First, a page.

Before that Debye region lies the Guinier region: a flat region independent of q. This contains information on the volume-square weighted size of the scatterers, and also can be used to find the total volume fraction of scatterers in the sample. As it typically lies at very low q values (and so very close to the beamstop), it is also most easily affected by parasitic scattering and other unrelated scattering effects. In short: This region has some information, but is prone to fouling.

Figure 1 shows the best case scenario for data: that in which all regions are clearly visible and distinct from one another. I will provide a few more examples to indicate some alternatives you might find in your scattering patterns.

Figure 2 shows another situation where there is a certain amount and distribution of discs (the hump in the middle), and a background contribution. I also simulated the presence of some larger structures (i.e. aggregates or simply large scattering objects), of which only the $q^{-4}$ slope is visible. The presence of this slope makes it more difficult to distinguish the individual regions, but the hump is the area of interest. It is that area which contains the information on the discs.

Figure 3 shows an interesting case of scatterers (spheres in this case) which are quite densely packed. This dense packing causes inter particle interference which shows up as a depression in the scattering pattern. It may not necessarily be as clear as this, and its visibility can reduce due to a plethora of effects (polydispersity, background, etc). Structure factors can be a pain in the ass to fit. Diluting the sample to remove this effect is recommended if possible.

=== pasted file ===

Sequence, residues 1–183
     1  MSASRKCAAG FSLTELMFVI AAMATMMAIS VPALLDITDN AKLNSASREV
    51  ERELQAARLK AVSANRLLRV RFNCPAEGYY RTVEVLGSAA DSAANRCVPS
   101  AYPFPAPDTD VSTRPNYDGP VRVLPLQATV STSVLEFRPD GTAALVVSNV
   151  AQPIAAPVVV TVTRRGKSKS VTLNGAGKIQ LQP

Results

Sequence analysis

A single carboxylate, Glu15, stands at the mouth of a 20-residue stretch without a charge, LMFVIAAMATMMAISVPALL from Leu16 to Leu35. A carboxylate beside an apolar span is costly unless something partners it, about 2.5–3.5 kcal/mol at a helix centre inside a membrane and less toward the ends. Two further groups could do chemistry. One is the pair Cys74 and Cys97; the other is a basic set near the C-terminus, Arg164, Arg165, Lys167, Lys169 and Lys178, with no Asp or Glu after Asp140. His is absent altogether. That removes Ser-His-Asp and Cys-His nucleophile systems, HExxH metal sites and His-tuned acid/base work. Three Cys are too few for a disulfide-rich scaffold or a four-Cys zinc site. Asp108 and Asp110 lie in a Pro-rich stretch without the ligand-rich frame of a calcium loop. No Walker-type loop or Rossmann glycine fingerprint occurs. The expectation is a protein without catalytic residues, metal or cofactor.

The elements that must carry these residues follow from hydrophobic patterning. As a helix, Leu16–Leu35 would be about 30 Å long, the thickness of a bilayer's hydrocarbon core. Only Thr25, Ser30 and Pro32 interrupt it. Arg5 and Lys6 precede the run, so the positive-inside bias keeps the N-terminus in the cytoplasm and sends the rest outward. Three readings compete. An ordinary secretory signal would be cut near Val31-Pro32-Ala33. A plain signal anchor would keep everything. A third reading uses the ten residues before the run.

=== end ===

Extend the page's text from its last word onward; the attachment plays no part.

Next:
A common problem in data correction is that of oversubtraction of the background measurement (because people tend not to correct for transmission). Fortunately, it is easy to recognise this mistake, as shown in Figure 4: there is a marked drop to negative values of the scattering signal at higher q-values.

The simulations shown here are made using SASfit by Joachim Kohlbrecher and Ingo Bressler. I highly recommend downloading that software, to learn how to use it and to simulate a few scattering patterns to get a feel for what small-angle scattering can look like. Another good package is the Irena package by Jan Ilavsky for Igor Pro.

Next up in this series: part 2: basic fitting.

[1] W. Ruland. Small-angle scattering of two-phase systems: determination and significance of systematic deviations from Porod’s law. J. Appl. Cryst., 4:70–73, 1971.

[2] J. T. Koberstein, B. Morra, and R. S. Stein. The determination of diffuse boundary thicknesses of polymers by small-angle x-ray scattering. J. Appl. Cryst., 13:34–45, 1980.

[3] R. Sobry, J. Ledent, and F. Fontaine. Application of an extended porod law to the study of the ionic aggregates in telechelic ionomers. J. Appl. Cryst., 24:516–525, 1991.

[4] J. Teixeira. Small-angle scattering by fractal systems. J. Appl. Cryst., 21:781–785, 1988.

[5] G. Beaucage. Small-angle scattering from polymeric mass fractals of arbitrary mass-fractal dimension. J. Appl. Cryst., 29:134–146, Jan 1996.

[6] P. Debye and A. M. Bueche. Scattering by an inhomogeneous solid. J. Appl. Phys., 20:518–525, 1949.

[7] P. Debye, H. R. J. Anderson, and H. Brumberger. Scattering by an inhomogeneous solid. ii. the correlation function and its application. Journal of Applied Physics, 28:679–683, 1957.

1 Comment

1. Nice article, Brian. I wish I could do all of my fitting in those 3 steps!